- Surgeons at the Boston-based Massachusetts General Hospital (MGH) recently conducted the first genitourinary reconstructive (penile) transplant in the U.S., the hospital announced today.
- Bank courier Thomas Manning, 64, underwent a penis amputation in 2012 after being diagnosed with penile cancer and received the organ from a deceased donor on May 8 and 9, according to The New York Times. Manning is recovering well with "no signs of bleeding, rejection or infection," the surgeons said.
- The surgeons had three main goals: Reconstructing external genitalia to have a more natural appearance, re-establishing urinary function, and achieving sexual function.
The surgery, a genitourinary vascularized composite allograft (GUVCA) transplant, required "surgically grafting the complex microscopic vascular and neural structures of a donor organ onto the comparable structures of the recipient," a prepared statement noted.
According to the surgeons, it represents more than three years of research as well as collaboration across various hospital departments and divisions such as plastic and reconstructive surgery, urology, psychiatry, infectious disease, nursing, and social work.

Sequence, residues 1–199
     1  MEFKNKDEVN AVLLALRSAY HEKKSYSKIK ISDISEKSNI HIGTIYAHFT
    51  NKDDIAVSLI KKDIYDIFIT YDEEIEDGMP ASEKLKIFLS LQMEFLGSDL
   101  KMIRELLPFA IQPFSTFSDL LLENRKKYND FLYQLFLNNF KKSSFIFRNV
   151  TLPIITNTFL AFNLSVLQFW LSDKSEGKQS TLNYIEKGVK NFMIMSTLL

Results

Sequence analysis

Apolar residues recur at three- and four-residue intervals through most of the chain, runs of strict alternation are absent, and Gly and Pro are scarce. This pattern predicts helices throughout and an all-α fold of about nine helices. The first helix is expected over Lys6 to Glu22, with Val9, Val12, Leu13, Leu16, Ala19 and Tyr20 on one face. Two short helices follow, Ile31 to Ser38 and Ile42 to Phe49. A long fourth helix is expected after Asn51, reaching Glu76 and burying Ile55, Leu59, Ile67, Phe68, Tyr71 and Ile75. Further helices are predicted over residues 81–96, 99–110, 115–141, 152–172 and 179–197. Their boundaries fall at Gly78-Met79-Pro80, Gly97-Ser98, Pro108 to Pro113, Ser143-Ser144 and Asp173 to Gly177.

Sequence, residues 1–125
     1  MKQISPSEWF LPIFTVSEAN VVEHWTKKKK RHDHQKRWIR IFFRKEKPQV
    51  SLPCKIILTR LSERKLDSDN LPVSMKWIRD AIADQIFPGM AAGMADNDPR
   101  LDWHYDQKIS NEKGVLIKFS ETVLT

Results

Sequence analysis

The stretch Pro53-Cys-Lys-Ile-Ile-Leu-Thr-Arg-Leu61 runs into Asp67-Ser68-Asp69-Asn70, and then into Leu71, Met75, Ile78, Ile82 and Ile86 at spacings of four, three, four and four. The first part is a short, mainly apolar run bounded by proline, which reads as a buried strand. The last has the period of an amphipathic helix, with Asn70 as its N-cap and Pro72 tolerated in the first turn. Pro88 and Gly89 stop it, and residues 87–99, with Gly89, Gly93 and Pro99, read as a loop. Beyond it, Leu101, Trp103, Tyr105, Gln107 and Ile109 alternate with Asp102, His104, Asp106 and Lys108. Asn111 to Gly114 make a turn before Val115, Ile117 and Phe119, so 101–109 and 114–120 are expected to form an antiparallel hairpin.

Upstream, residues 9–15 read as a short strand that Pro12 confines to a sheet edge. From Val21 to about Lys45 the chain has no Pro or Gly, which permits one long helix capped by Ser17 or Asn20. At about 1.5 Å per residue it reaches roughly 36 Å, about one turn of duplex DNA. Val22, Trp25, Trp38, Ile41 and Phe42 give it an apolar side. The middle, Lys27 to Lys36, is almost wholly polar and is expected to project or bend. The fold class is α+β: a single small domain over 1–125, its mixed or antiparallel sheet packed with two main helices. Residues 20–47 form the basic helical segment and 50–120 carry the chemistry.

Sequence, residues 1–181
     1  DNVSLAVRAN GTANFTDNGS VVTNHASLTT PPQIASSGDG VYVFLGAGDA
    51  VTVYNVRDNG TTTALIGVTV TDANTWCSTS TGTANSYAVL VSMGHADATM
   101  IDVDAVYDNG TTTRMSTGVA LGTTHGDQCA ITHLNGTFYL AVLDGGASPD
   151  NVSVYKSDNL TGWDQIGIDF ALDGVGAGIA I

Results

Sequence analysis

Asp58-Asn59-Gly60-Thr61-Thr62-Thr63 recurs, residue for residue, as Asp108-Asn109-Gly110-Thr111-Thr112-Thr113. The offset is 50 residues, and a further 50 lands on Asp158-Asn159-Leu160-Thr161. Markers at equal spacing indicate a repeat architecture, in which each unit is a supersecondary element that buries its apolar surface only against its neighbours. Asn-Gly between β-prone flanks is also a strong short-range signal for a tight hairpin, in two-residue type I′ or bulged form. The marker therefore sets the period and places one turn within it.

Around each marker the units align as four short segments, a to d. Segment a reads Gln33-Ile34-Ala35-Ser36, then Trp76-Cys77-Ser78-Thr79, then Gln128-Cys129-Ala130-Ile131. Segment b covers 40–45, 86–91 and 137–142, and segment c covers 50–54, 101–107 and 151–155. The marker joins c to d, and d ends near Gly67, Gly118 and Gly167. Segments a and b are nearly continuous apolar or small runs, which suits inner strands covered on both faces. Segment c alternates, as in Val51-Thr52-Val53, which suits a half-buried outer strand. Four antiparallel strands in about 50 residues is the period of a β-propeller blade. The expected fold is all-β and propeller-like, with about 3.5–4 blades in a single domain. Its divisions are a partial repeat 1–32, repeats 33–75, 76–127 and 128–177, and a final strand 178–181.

One of the surgeons that led the 15-hour operation, Curtis L. Cetrulo, of the MGH Division of Plastic and Reconstructive Surgery and the Transplant Center said in a prepared statement, “We are hopeful that these reconstructive techniques will allow us to alleviate the suffering and despair of those who have experienced devastating genitourinary injuries and are often so despondent they consider taking their own lives.”
“The entire transplant team has worked tirelessly to ensure that our patient is on the path to recovery, thanks in part to the gift of organ donation,” Cetrulo added.
Johns Hopkins University School of Medicine had hoped to be the hospital to conduct nation's first penis transplant when it announced in December 2015 it had granted surgeons permission to perform 60 of such transplants.